Ahead of his presentation at the Machine Learning Innovation Summit in New York on December 11 & 12, we spoke to Michael Kubiske, Director, Center for Machine Learning NYC at Capital One.
Michael has a wide background in model development, production deployments, economic research, and project management. He joined Capital One as the Director of New York's Center for Machine Learning (C4ML) in 2017. In his spare time, he researches non-standard indicator signals to predict crypto-currency and stock movements on his home cluster. He is an avid cyclist living with his wife and daughter in New York City.
Why do you think we have seen machine learning use increase so dramatically in the past 3 years?
It boils down to two main things: GPUs and data. Machine learning has had its share of fits and starts since coming to the fore in the middle of the 20th Century, but an exponential increase in data, combined with increased processing power/GPU accessibility, has recently made machine learning production more feasible and democratized.
How do you think organizations could be utilizing machine learning better?
The main pillars are data, platform, and culture. First off, having your data ecosystem in the right place is a critical foundation. Similarly, it’s important to have a solid platform that enables you to manage your own GPU execution framework, iterate on models, and access your data quickly and at scale. Finally, to effectively run machine learning production, organizations need to establish a culture where one can fail. Sometimes models don’t work—and there needs to be time and investment to redo a system where needed.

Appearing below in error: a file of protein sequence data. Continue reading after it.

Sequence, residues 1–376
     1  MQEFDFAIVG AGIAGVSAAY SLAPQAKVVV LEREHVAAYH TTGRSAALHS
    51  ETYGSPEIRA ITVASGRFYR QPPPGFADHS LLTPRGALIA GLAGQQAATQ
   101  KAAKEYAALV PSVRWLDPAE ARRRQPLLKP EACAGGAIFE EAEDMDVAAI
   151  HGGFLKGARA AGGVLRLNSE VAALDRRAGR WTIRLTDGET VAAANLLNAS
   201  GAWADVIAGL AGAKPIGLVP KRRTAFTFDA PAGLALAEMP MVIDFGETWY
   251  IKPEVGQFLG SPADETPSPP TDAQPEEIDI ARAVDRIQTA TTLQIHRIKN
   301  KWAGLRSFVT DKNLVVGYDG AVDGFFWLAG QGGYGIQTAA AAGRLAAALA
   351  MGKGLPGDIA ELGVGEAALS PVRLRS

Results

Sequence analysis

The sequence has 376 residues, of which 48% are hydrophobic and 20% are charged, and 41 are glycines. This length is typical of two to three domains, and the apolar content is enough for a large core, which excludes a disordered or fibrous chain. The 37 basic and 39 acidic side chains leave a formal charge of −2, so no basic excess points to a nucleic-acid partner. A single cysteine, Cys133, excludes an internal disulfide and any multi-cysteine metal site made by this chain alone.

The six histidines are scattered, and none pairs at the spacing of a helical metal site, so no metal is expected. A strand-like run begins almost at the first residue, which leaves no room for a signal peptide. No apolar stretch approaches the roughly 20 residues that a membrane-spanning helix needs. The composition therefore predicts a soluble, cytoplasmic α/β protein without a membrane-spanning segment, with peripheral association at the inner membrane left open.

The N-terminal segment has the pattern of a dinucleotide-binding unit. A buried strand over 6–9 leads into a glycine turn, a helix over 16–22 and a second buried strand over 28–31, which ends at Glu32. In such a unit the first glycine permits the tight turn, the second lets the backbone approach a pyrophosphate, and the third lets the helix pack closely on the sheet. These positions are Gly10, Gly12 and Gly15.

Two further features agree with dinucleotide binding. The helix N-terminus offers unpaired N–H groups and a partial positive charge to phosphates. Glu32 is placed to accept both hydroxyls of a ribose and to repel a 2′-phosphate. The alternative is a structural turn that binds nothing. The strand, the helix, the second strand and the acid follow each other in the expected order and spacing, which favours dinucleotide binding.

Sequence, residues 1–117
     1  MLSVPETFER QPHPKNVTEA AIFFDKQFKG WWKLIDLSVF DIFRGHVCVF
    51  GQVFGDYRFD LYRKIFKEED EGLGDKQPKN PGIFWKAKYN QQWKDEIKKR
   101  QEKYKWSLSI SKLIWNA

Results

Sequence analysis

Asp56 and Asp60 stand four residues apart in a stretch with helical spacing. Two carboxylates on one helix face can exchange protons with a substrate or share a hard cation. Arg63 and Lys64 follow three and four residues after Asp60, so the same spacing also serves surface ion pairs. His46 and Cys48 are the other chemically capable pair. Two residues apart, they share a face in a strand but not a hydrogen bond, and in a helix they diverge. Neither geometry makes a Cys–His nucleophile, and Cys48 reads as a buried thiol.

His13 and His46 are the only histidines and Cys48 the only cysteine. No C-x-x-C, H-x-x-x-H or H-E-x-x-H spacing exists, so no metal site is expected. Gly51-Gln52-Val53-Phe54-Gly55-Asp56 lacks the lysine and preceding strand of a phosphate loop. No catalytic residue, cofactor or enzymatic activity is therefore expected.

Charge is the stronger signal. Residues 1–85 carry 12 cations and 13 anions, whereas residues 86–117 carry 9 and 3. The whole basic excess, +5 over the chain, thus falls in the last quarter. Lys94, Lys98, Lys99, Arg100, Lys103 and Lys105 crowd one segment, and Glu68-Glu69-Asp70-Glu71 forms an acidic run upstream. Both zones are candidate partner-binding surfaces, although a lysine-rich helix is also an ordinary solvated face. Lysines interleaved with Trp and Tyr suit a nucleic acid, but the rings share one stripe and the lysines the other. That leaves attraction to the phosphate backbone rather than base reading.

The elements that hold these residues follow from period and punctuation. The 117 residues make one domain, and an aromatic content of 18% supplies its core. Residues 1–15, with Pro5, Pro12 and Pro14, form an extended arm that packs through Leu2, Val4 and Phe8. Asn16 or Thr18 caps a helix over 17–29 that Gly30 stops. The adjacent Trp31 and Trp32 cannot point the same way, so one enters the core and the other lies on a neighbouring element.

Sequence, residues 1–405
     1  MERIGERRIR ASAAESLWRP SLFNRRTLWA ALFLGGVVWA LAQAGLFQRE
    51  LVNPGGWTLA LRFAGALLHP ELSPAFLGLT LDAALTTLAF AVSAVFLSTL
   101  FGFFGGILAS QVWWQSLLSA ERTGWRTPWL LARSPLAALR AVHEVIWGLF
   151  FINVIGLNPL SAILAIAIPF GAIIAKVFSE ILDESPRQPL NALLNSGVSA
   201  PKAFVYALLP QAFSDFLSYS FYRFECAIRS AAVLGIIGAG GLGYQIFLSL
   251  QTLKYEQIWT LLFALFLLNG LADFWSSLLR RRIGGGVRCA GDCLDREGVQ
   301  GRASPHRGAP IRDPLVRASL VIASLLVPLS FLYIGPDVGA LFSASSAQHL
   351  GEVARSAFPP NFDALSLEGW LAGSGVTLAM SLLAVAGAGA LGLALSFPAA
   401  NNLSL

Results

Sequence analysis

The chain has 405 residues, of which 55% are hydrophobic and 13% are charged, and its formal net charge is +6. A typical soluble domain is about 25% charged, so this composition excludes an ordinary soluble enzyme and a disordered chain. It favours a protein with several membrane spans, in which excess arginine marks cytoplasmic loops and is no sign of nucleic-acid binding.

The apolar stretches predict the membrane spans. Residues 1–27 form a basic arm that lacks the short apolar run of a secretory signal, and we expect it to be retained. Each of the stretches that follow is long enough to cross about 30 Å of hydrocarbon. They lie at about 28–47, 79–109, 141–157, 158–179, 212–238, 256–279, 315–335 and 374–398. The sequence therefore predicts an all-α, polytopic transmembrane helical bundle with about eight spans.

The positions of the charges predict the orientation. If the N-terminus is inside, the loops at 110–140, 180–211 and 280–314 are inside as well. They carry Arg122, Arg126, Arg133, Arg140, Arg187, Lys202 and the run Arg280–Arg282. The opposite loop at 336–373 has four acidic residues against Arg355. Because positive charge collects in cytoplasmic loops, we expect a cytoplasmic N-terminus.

What are the biggest challenges currently facing the further spread of machine learning?
This problem is very different for different industries. Broadly, the labor market is one of the biggest impediments across the board. Companies that are less sophisticated in machine learning may not have the insight to hire the right person for the job, or they may be unwilling to spend the money to hire that talent. Apart from that, explainability in AI (essentially, unpacking the black box that decides how decisions are made—we have a whole work stream dedicated to this), regulatory concerns, and the ability to fully understand networks can all be impediments to further adoption of AI applications.
Do you think that machine learning regulation is currently fit for purpose?
As a bank, our regulations are strict, and rightly so. We are dealing with peoples’ money and their futures, and we expect nothing less than stringent guardrails on that. Sufficient regulation helps provide trust and peace of mind to our customers.
What can the audience expect to take away from your presentation in New York?
I’m aiming to highlight a nascent field of study in AI—explaining the explainable component of neural networks. As more AI-based systems are deployed, it will be about bringing forth more useful information within the technology’s outputs, which we view as not necessarily more important, but better in the long-term.
You can catch Michael's presentation at the Machine Learning Innovation Summit in New York on December 11 & 12